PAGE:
Oh, and final fact: Finland has some of the highest alcohol prices and the highest rates of alcohol abuse. Germany has FAR lower alcohol prices, and lower alcohol abuse figures than here. Price is NOT the holy grail for cutting alcohol abuse!
Excellent news. On a bottle of Whisky for example, nearly 80% of the price is tax. Responsible drinkers are fed up with paying through the nose. And do you think that an extra 10p on a pint of beer is going to make the slightest difference to binge drinkers? Of course not! But it does add up for the sensible ones who like the odd beer here and there. Oh, and final fact: Finland has some of the highest alcohol prices and the highest rates of alcohol abuse. Germany has FAR lower alcohol prices, and lower alcohol abuse figures than here. Price is NOT the holy grail for cutting alcohol abuse! Trippynet
  • Score: 7

5:19pm Wed 19 Mar 14

RealLivin says...

Mr Osbourne seems to have go this one right but not doubt there will be some small print somewhere. Back in November Barry Nelson did a piece on this and I think all comments were similar to those already here, why should the rest of us keep paying for those minority of morons who insist on getting legless to have a good time. I have no issues with those who get drunk, stagger home and go to bed, but those who Friday night after Friday night do nothing but cause trouble and damages due to being drunk, need to pay for their "fun" if these were "taxed" then the cost of their night out can be recouped without the rest of us being forced to pay for it as well. The answer is simple charge them with being drunk and disorderly, and make sure their fine covers the costs of the police action, the court costs and any AE costs as well as any damages, then actually make them pay it by deducting it from their wages or benefits in the least possible time so if they are left cash strapped for a few months they shouldn't be able to repeat the episode. Fix the cause of the problem which is those that ABUSE drink not those that have a drink.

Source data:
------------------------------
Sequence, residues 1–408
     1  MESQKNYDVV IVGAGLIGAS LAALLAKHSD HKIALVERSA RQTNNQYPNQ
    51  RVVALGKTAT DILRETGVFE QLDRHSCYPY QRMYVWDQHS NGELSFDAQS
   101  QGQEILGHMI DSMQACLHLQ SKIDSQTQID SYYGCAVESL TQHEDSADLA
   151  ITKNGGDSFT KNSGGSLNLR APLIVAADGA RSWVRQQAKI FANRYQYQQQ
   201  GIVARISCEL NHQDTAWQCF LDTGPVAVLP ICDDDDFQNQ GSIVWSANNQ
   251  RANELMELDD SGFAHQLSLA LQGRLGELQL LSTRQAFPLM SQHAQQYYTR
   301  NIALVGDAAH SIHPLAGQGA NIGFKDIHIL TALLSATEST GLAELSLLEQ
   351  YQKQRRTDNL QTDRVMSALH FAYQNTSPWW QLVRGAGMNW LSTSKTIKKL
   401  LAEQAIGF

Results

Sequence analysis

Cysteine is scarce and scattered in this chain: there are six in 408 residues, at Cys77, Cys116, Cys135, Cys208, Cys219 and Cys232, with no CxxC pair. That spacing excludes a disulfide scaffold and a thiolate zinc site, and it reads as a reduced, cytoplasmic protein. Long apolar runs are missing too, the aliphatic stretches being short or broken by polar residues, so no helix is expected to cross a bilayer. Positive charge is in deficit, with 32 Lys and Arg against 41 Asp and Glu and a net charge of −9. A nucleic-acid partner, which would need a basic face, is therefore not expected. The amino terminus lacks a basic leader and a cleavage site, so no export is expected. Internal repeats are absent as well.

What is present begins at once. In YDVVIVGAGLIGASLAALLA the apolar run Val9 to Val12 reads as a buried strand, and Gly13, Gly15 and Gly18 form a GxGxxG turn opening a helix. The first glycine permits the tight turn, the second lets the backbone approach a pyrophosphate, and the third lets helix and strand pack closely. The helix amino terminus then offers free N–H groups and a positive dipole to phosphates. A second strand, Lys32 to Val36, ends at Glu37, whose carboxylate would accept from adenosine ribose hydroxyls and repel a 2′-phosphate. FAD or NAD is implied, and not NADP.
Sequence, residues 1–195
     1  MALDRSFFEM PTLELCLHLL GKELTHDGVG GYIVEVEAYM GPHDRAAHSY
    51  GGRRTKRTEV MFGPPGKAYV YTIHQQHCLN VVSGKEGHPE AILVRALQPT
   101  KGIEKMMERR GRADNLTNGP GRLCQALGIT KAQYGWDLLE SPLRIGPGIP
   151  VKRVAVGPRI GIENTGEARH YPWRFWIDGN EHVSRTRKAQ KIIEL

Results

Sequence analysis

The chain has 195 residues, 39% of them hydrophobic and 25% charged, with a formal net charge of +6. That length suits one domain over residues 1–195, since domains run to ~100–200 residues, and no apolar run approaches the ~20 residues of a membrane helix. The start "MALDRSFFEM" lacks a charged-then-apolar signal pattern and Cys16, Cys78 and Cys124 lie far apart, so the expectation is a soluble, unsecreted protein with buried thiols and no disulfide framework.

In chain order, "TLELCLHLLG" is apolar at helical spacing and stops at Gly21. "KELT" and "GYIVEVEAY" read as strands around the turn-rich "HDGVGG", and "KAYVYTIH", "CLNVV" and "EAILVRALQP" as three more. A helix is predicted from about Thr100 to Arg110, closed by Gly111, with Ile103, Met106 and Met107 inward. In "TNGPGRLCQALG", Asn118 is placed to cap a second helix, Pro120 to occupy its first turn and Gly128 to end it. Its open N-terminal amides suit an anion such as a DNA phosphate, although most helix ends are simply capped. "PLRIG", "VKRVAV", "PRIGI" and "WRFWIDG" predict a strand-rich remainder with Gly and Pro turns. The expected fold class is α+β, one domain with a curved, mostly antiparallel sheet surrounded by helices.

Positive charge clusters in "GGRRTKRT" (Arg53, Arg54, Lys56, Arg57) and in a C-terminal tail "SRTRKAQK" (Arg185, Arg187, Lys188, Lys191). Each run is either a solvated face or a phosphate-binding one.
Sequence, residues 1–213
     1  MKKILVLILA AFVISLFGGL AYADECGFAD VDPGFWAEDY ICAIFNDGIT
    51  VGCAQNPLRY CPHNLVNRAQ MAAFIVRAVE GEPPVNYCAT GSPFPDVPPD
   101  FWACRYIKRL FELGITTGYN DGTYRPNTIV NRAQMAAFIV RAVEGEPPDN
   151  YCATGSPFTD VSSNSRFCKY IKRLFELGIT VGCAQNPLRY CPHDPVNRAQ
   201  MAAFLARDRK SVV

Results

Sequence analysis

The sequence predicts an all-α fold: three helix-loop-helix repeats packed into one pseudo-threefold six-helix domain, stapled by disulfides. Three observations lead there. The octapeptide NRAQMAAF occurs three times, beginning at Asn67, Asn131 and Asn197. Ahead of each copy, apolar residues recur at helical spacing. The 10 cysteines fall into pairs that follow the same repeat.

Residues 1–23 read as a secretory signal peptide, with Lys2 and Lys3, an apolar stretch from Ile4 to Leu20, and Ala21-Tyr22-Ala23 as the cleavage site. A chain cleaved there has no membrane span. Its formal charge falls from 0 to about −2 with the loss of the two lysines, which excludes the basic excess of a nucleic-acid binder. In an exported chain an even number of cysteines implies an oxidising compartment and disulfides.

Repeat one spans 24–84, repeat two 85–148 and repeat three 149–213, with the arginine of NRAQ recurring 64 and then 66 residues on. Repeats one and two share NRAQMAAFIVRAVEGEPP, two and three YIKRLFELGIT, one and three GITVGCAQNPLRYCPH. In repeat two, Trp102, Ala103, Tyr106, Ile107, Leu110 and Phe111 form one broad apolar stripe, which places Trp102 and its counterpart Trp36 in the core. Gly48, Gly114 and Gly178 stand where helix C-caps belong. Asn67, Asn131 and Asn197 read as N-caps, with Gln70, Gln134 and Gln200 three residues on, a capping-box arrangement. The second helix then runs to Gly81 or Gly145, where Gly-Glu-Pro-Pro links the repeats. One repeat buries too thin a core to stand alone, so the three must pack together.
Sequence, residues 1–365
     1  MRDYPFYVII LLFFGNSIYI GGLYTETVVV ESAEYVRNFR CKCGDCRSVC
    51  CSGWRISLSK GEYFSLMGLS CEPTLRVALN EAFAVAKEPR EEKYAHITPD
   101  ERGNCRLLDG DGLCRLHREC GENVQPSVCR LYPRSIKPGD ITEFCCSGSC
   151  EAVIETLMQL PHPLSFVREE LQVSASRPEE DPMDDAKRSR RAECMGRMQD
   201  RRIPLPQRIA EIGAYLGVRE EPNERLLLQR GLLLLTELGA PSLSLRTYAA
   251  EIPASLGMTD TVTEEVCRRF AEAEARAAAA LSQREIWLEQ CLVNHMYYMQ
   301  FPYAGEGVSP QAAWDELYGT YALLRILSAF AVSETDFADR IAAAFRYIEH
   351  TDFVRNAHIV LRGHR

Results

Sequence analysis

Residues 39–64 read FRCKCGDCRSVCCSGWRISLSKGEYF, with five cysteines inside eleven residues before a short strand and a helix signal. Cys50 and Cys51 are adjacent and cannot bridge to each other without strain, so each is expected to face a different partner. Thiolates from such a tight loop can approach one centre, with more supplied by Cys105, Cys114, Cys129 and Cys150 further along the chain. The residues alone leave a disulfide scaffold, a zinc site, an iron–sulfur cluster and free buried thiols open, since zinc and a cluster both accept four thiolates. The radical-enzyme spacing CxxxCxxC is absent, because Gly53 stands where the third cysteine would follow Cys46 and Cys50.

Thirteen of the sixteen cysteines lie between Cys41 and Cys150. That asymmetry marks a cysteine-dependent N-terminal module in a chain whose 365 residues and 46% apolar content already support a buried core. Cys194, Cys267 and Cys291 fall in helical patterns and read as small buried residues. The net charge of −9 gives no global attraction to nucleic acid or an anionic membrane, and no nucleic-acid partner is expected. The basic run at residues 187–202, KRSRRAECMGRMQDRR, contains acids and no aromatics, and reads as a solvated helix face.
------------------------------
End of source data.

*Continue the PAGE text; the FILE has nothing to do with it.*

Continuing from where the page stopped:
Unfortunately we would need Mr Osbourne and the government to reverse their Public sector polices as we no longer have enough police or court officials left to do any of this (however well paid judges seem to have managed to stay in place, especially if they are out of touch with reality).
Mr Osbourne seems to have go this one right but not doubt there will be some small print somewhere. Back in November Barry Nelson did a piece on this and I think all comments were similar to those already here, why should the rest of us keep paying for those minority of morons who insist on getting legless to have a good time. I have no issues with those who get drunk, stagger home and go to bed, but those who Friday night after Friday night do nothing but cause trouble and damages due to being drunk, need to pay for their "fun" if these were "taxed" then the cost of their night out can be recouped without the rest of us being forced to pay for it as well. The answer is simple charge them with being drunk and disorderly, and make sure their fine covers the costs of the police action, the court costs and any AE costs as well as any damages, then actually make them pay it by deducting it from their wages or benefits in the least possible time so if they are left cash strapped for a few months they shouldn't be able to repeat the episode. Fix the cause of the problem which is those that ABUSE drink not those that have a drink. Unfortunately we would need Mr Osbourne and the government to reverse their Public sector polices as we no longer have enough police or court officials left to do any of this (however well paid judges seem to have managed to stay in place, especially if they are out of touch with reality). RealLivin
  • Score: 4

5:27pm Wed 19 Mar 14

sefa says...